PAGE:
The stationary linear combination is called the co-integrating equation and may be interpreted as a longrun equilibrium relationship between variables. Several co-integration techniques are available for the time series analysis. These tests include the Stock & Watson (1988) procedure, the Engle Granger (1987) test and Johansens (1988) Co-integration test. Their common objective is to determine the most stationary linear combination of the time series variables under consideration. Consequently, Johansens (1988) co-integration technique has been employed for the investigation of stable long run relationships between construction receipts and gross domestic product. The following equations were estimated with VAR lag 1 and assume that the series does not contain deterministic linear trends but the co-integrating relation only includes a constant. The results are summarized bellow in table- 8 & 9.

Johansens Co-integration Test (consider a VAR of order p) Yt = 1Yt 1 + ... + p Yt p + X t + t (6)


Where Yt is a K-vector of non-stationary I(1) variables, X t is a d-vector of deterministic variables, and

t is a vector of innovations.
Table: 8 Johansens Co-integration Test Eigenvalue Likelihood 5 Percent 1 Percent Hypothesized Ratio Critical Value Critical Value No. of CE(s) 0.364682 24.90475 15.41 20.04 None ** 0.007541 0.408754 3.76 6.65 At most 1 * (**) denotes rejection of the hypothesis at 5% (1%) significance level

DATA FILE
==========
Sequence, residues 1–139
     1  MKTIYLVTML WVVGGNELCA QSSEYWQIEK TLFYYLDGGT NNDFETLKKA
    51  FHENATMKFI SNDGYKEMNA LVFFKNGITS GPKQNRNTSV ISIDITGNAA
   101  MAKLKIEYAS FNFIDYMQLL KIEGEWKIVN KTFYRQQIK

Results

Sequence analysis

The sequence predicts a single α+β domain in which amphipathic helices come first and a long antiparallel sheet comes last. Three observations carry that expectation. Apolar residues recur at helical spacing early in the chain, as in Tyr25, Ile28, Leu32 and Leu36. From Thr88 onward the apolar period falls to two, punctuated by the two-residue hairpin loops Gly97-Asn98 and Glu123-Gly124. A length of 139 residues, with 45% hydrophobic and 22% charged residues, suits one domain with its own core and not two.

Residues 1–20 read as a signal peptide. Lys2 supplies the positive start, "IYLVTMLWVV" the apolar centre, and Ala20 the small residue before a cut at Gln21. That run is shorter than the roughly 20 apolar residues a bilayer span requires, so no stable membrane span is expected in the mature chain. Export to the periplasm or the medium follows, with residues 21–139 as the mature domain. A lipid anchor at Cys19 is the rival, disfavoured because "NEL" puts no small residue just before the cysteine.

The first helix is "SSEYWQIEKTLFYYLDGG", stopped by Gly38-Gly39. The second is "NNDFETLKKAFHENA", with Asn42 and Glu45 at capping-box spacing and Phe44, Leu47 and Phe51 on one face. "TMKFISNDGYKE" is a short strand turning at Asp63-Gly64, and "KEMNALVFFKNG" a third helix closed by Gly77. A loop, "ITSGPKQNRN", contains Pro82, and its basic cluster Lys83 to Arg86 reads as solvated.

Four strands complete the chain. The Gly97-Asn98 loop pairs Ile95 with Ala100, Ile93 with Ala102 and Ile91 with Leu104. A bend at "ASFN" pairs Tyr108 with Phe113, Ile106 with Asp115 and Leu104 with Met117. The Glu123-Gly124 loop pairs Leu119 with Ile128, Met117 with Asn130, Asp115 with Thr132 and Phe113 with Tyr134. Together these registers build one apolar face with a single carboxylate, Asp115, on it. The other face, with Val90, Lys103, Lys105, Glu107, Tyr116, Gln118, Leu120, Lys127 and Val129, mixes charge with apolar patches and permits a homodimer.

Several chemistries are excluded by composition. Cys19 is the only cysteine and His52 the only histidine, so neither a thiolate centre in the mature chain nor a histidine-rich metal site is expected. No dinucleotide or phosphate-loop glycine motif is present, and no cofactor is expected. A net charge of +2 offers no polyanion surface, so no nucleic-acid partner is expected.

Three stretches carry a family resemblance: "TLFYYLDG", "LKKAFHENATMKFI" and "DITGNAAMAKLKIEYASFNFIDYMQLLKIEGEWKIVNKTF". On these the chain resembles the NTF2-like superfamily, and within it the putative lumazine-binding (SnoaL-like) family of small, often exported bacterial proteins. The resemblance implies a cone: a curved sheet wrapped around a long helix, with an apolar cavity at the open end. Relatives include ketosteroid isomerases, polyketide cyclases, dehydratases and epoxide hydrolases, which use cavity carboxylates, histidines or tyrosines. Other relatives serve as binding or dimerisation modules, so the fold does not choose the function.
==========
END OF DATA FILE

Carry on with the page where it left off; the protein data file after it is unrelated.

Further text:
The LR test rejects the hypothesis of no co-integration. The value of likelihood ratios indicates one cointegrating equation at 5% significance level. The normalized co-integrating relation assuming one cointegrating relation r = 1 is shown in table # 9 below. Table: 9 Normalized Co-integrating Relation
LCNS 1.000000 Log likelihood LGDP -0.870818 ((0.06501) 111.5535 C 2.898633 (0.61388)

The estimated co-integrating equation is:

LCNS 0.8708LGDP + 2.8986

4 Conclusions:
This paper carried out empirical tests on the Granger causality as well as regression analysis of the relationship between the construction sector and the real growth rate of GDP in Pakistan from 1950 to 2005. The aim of this study is to examine the causal relationship between construction sector activities and economic expansion (GDP) of Pakistan. Using the concepts and methods of the co-integration and Granger causality test, this study explored the short term dynamic relations as well as long-run equilibrium conditions. Similar to the results by Tse and Ganesans (1997) using the data for Hong Kong, a co-integration between construction flow and economic growth exist in Pakistan. The results showed that there is strong causal relationship between the aggregate economy and the construction sector of Pakistan. The construction flow precedes GDP whereas GDP does not precede construction flow. There is a uni-directional causal relationship between the two variables real growth rate of GDP and construction flows. It established the causal linkage from the construction sector to the aggregate economy of Pakistan. Aggregate economy of Pakistan is greatly influenced by the construction industry. Considering the significance of the construction sector, it is necessary to identify the major issues affecting the efficiency of the sector and take corrective action for increase in economic growth and development of Pakistan.